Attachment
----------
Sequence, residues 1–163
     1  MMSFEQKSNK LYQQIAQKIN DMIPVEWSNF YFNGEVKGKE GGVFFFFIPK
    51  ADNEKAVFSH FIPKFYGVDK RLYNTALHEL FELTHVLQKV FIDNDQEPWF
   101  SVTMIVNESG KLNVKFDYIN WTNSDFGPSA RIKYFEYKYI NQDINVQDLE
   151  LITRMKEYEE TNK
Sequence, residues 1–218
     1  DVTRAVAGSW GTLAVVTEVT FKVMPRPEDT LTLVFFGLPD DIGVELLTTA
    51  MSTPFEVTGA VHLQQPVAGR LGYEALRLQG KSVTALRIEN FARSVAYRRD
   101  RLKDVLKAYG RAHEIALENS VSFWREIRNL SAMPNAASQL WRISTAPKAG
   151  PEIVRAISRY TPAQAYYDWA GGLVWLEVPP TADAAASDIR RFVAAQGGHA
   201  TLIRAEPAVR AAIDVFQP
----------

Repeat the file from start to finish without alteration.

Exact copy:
Sequence, residues 1–163
     1  MMSFEQKSNK LYQQIAQKIN DMIPVEWSNF YFNGEVKGKE GGVFFFFIPK
    51  ADNEKAVFSH FIPKFYGVDK RLYNTALHEL FELTHVLQKV FIDNDQEPWF
   101  SVTMIVNESG KLNVKFDYIN WTNSDFGPSA RIKYFEYKYI NQDINVQDLE
   151  LITRMKEYEE TNK
Sequence, residues 1–218
     1  DVTRAVAGSW GTLAVVTEVT FKVMPRPEDT LTLVFFGLPD DIGVELLTTA
    51  MSTPFEVTGA VHLQQPVAGR LGYEALRLQG KSVTALRIEN FARSVAYRRD
   101  RLKDVLKAYG RAHEIALENS VSFWREIRNL SAMPNAASQL WRISTAPKAG
   151  PEIVRAISRY TPAQAYYDWA GGLVWLEVPP TADAAASDIR RFVAAQGGHA
   201  TLIRAEPAVR AAIDVFQP